anonymous asked:

Maybe tutorial on poses??? I really like the poses you draw :D

Alright, there isnt a set way to come up with good poses, but i can show you some resources that’ll help with yours!

the key to getting ur poses to look great is a strong understanding of GESTURE

Here’s a video explaining gesture by Stan Prokopenko

I also recommend watching his other gesture videos so you get a better idea of what you should be aiming for when studying gesture.

but how do you get better at gesture drawing?

Here’s Croquis Cafe

and New Master’s Academy

Both channels have a series of videos emulating real-life timed figure drawing studio sessions. You’ll start with quick 1min poses and work your way up to 5 and 10 minute poses. I try to do at least one of these sessions every day. 

If it feels like its going too fast, you can pause, but remember you’re meant to reduce or increase the simplicity of the figure depending on the time you re given. It’ll take time to get seriously good at this, however you’ll start seeing improvements within a few days!

Now if you’re looking for a place where to find a number of good ol anime pinup-like poses to use as reference and build a library, there’s

Gravure Heaven (nsfw)

and Giga Chaoss (also nsfw)

among a few other sites such as imageboards and the like. Ive also made it a habit to save any picture or artwork with a cool pose into my library.

aand thats about it! this is the QUICK way to getting good at poses. As long as you’re willing to put in the effort you’ll definitely get results from this!

anonymous asked:

I really love your art. Could you possibly show us your way of drawing different body shapes?


This will go well with my thoughts on developing your own style, and it uses same basic principles as my tutorial about cartoony skulls, meaning it’s all about simple shapes!

Here’s some sketches of two basic body types on the left, and two more shapely/complex ones on the right;

If you haven’t noticed the basic difference right away; the heavy body type has round, soft lines, while the slim one has sharp lines and corners.

If you want to draw a heavy-set person, you should stick to softly curved lines, while if you want to draw someone who’s slim, the sharper the lines and corners, the skinnier they would seem.

A curvy female figure can often have sharp and round lines, giving it a very dynamic feeling.

A muscular male figure often appears very triangular, with the triangle pointing downwards, while a female figure is pear-shaped / a triangle pointing upwards.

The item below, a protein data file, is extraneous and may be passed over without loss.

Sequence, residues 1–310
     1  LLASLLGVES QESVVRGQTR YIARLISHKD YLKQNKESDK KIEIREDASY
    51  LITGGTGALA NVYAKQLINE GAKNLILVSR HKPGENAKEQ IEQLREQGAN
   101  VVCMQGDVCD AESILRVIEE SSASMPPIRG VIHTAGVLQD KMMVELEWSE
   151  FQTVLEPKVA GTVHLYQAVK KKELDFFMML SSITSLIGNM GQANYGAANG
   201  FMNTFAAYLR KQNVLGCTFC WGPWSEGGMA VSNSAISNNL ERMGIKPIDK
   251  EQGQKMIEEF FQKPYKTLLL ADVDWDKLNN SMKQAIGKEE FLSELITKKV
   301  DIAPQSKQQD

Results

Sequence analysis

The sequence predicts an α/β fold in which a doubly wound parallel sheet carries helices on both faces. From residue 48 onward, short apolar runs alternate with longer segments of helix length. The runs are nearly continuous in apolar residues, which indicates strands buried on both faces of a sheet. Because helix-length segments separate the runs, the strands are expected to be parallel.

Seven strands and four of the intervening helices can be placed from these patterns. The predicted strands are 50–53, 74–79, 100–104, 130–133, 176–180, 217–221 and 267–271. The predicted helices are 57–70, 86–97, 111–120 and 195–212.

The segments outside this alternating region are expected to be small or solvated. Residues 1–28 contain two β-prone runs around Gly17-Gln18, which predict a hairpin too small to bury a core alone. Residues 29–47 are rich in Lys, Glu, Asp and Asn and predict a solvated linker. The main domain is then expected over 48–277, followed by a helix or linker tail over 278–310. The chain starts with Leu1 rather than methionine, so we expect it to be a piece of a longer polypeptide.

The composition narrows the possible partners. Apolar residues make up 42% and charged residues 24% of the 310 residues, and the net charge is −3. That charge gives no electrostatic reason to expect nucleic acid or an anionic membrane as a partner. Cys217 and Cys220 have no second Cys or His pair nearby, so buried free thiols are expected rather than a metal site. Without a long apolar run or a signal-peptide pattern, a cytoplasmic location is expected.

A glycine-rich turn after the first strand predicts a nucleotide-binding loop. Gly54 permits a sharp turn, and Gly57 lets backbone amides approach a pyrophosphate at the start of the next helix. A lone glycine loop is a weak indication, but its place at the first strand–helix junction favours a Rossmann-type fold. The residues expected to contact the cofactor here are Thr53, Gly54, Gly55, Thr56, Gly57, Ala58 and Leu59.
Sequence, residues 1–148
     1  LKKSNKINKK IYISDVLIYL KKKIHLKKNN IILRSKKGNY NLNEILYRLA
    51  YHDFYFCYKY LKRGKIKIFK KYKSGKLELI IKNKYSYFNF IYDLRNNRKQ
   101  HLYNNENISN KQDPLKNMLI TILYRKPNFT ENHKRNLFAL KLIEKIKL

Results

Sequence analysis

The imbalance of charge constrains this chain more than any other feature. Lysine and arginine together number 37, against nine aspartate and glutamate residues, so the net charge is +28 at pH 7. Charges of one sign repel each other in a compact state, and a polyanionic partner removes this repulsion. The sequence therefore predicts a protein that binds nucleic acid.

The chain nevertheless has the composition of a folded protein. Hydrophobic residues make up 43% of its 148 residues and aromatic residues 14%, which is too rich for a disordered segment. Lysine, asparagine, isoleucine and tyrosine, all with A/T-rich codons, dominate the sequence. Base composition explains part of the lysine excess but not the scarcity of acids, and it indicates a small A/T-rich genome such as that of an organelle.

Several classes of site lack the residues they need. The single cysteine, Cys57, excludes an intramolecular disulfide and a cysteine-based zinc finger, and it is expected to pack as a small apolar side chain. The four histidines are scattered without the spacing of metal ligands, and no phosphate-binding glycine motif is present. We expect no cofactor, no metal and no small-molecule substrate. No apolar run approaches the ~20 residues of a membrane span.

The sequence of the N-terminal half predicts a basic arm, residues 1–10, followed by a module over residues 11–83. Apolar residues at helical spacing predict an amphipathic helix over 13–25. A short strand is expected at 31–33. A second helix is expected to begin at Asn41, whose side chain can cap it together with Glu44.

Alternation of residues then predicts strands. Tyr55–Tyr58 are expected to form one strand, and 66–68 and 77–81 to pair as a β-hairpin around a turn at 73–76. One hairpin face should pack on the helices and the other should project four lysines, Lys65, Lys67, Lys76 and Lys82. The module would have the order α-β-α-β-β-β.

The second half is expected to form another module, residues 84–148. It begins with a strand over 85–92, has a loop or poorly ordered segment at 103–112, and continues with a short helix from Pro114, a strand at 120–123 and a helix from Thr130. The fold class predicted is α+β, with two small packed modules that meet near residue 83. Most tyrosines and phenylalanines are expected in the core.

Ok so I finished these and they were just kinda weird floating dismembered torsos so I added something to make them nicer to see;

First there’s the skinny two;

A female body tends to have a bottom-heavy figure, while male body is often top-heavy (but that’s not always the case, figures can be very different).
I added some bottom curves to the left one and wider shoulders to the right one to show that the triangles pointing up/down can be applied even to characters who don’t have a very shapely figure.

Next is the chubby two;

How fat is distributed in a human body is important to know when drawing heavier characters; a female body will primarily become bottom-heavy, while a male body will generally gain a big stomach area.

Also! Pay attention to lines on this one and the previous one; notice that the skinny two have many straight lines in their figure, while nearly all the lines on the heavy two are curved.

Lastly, they shapely two;

These two have their fair share of curved and straight lines, generally with a female shape there’s more curved, less straight, and with male shape there’s more straight, less curved.

The curved/straight line dynamic is the most important one when it comes to drawing different body types.

Often (but not always) starting / young artists have a much easier time drawing skinny people, because your hand is still stiff and in search of style.
As your hand gets looser, you become more familiar with round shapes - they come more naturally, and you add layers of thickness to your figures. 

It can be hard to get the right curve and get the body looking right - and study of anatomy will help you IMMENSELY with that might I add - once you get comfortable with drawing curves, they can easily become one of the most fun things to draw.

One suggestion I have about drawing curved lines is, don’t go steady. Don’t draw them slowly and carefully, just release your hand, and do it over and over and over until you get it right. Pretty sure I suggested this in my style ramblings but, drawing croquis is a GREAT help to get familiar with the human figure and it’s curves.

So that’s about it, I hope this helped!